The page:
Indeed, it was not physically impossible for appellant to have been at the scene of the crime on the morning of August 6, 1994. Gorantes, his friend and traveling companion who turned prosecution witness, testified that the former had gone to Barangay Tinocuan on August 5, 1994.[34] Around five o'clock on the morning of August 6, 1994, the latter allegedly saw appellant wearing a pink shirt and carrying a white face towel while walking hurriedly, then later wearing wet short pants and tennis shoes.  Asked why he was wet, appellant replied that he had taken the "short cut" via the sugarcane field.[35]

Appellant failed to substantiate his claim that he had arrived at Barangay Tinocuan only around four o'clock on the afternoon of August 6, 1994.  As can be gleaned from the records, Roger Rendaje, his younger brother, was part of the group which attended the healing ritual.[36] Appellant could have presented him to corroborate the former's claim that he had arrived at the said barangay only on August 6 and not on August 5, 1994, as testified to by the prosecution witnesses.  Why did appellant not do so? He has no explanation for this obvious lapse.

The defense of alibi, if unsubstantiated by clear and convincing evidence, is negative and self-serving, deserves no weight in law, and cannot be given evidentiary value over the testimony of credible witnesses who testify on affirmative matters.[37]

Utterly unsubstantiated is appellant's allegation that he was beaten up by the Dingle police authorities to make him admit to the crime.  No medical certificate was presented to prove the injuries he allegedly suffered at the hands of the police authorities.  He also failed to inform his mother of the purported atrocity when she visited him at the Dingle police station on August 8, 1994.[38] Neither did he report such beatings to his lawyer or the judge.  Hence, it has no weight at all.

The Court affirms the monetary awards given by the trial court because they are substantiated by the evidence.  In addition, we grant indemnity ex delicto to the heirs of the victim.

WHEREFORE, the appeal is DENIED but the assailed Decision  is modified by the GRANT of indemnity ex delicto in the sum of P50,000 to the heirs of Lennie Rendon pursuant to extant jurisprudence,[39] in addition to the awards given a quo. Costs against appellant.


Melo, (Chairman), Vitug, and Gonzaga-Reyes, JJ., concur.

[1] Written by Judge Quirico G. Defensor.

[2] Assailed Decision, p. 20; rollo, p.33-A; records, p. 192.

[3] Signed by Asst. Provincial Prosecutor Nelson S. Geduspan.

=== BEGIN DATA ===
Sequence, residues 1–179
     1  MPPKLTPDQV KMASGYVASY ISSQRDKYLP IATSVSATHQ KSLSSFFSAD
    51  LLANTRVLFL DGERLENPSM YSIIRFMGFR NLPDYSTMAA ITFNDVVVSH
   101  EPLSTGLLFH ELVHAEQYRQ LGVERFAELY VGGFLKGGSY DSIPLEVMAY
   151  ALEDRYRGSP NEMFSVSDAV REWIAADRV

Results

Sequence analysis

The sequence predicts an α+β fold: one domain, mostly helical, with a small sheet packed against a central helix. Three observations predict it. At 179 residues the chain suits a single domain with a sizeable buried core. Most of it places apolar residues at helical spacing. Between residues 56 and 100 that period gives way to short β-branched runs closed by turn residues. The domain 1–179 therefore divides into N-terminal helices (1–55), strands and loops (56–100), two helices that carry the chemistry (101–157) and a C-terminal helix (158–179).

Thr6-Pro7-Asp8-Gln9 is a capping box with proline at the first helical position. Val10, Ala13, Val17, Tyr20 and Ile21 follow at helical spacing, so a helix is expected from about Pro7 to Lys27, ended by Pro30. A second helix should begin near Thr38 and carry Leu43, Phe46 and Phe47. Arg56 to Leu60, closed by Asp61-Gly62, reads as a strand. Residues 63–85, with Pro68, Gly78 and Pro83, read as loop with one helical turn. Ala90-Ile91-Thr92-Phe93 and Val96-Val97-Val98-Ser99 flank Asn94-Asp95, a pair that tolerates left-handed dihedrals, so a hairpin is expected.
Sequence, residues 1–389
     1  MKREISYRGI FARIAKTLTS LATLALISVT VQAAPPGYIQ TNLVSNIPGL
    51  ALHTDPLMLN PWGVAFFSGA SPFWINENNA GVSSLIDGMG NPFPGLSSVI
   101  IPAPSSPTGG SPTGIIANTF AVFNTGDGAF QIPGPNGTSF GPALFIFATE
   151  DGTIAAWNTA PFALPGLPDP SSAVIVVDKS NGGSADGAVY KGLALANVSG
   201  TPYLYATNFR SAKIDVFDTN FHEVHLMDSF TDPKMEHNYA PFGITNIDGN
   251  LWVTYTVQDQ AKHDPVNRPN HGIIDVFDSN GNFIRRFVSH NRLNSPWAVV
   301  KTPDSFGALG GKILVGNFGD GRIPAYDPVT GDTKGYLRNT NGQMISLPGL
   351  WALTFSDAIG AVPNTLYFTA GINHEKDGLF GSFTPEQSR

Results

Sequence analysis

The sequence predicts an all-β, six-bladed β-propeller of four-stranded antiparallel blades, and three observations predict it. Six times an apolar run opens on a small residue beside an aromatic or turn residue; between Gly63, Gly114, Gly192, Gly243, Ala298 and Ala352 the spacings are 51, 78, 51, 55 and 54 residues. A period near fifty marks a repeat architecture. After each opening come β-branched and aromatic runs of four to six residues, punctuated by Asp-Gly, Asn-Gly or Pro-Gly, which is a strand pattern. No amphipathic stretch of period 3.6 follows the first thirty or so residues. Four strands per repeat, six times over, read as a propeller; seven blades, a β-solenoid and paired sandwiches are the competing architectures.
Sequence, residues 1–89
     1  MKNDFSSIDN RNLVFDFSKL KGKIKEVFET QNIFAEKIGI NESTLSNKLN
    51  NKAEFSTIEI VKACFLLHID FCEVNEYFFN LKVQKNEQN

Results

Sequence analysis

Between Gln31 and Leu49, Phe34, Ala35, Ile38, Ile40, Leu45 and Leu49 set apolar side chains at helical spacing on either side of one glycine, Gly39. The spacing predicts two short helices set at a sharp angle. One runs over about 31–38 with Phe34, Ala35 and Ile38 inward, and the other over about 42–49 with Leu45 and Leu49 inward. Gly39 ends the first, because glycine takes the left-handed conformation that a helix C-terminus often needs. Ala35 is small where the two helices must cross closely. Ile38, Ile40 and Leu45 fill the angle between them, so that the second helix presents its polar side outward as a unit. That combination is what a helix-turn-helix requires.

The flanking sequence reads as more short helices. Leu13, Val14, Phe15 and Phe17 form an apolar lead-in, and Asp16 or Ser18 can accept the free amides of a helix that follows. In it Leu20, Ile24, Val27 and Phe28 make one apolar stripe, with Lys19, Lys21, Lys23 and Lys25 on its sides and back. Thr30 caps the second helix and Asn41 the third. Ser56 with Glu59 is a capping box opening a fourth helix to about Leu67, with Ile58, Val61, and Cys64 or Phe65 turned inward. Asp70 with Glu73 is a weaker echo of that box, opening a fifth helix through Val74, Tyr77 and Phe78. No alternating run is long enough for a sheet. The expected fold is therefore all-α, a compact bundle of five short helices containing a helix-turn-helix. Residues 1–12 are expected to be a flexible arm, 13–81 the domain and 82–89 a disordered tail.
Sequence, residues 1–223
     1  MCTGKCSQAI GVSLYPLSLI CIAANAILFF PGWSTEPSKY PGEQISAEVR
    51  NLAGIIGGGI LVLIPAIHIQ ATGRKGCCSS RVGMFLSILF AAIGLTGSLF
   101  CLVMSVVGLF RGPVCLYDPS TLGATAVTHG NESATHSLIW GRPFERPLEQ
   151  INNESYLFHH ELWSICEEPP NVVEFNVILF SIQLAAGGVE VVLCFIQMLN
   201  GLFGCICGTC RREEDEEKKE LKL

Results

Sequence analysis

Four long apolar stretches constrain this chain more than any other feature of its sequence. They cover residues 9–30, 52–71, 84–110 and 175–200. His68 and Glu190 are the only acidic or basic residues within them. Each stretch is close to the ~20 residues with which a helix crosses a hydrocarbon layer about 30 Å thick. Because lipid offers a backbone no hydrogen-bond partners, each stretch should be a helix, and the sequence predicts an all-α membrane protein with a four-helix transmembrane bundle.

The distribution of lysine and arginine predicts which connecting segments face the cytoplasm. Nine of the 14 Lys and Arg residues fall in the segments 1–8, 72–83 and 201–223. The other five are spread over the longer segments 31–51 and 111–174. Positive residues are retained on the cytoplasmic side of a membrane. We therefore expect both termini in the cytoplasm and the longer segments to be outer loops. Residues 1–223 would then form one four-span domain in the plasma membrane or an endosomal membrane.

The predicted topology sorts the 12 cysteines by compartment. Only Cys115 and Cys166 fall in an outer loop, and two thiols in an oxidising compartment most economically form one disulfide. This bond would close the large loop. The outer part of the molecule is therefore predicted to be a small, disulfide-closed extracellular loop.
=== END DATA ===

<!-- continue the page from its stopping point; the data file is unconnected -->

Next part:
[4] Information, dated September 27, 1994; records, p. 1.

[5] Assisted by Atty. Nelson Oberas.

[6] See the lower court's Order dated December 13, 1994; records, p. 29.

[7] This case was deemed submitted for resolution on June 26, 2000, when the Court received the Appellee's Brief.  The filing of a reply brief was deemed waived, as none had been submitted within the reglementary period.

[8] Signed by Sol. Gen. Ricardo P. Galvez, Asst. Sol. Gen. Nestor J. Ballacillo, and Asso. Sol. Mae Antoinette Balares.

[9] Also spelled "Garantes" in the TSN, Appellant's Brief and Appellee's Brief.

[10] Appellee's Brief, pp. 4-8; rollo, pp. 103-107.

[11] Signed by Attys. Bartolome P. Reus and Rogel F. Quijano of the Public Attorney's Office.

[12] Appellant's Brief, pp. 5-6; rollo, pp. 56-57.

[13] Decision, p. 8; rollo, p. 33-A; records, p. 192.

[14] The trial court enumerated six pieces of circumstantial evidence, as follows:
"1) Witness Lodelyn Rendon, the victim's younger sister, saw the accused following the victim Lennie Rendon that morning of the incident as the latter was on her way to their farm, at around 6:00 o'clock more or less;

"2) During the morning of the incident, on or before 6:00 A.M., the accused, who was in a hurry, went ahead of his companions when they were at a neighborhood store, buying and smoking cigarettes; while the attention of the accused was called, he invited them to go to the house of Felomino Avenir, to which the group agreed; but when the group arrived at the house of Felomino Avenir, Restituto Rendaje could not anymore be found;

"3) Later, Rendaje was seen by Eduardo Gorantes as he emerged from the sugarcane field, wet with dew; the pair of shorts he was wearing was wet and his white tennis shoes were also wet; when Gorantes asked Rendaje why he was wet, the accused answered that he took a short cut through the sugarcane field which was around (1) kilometer away from the store where they bought cigarettes;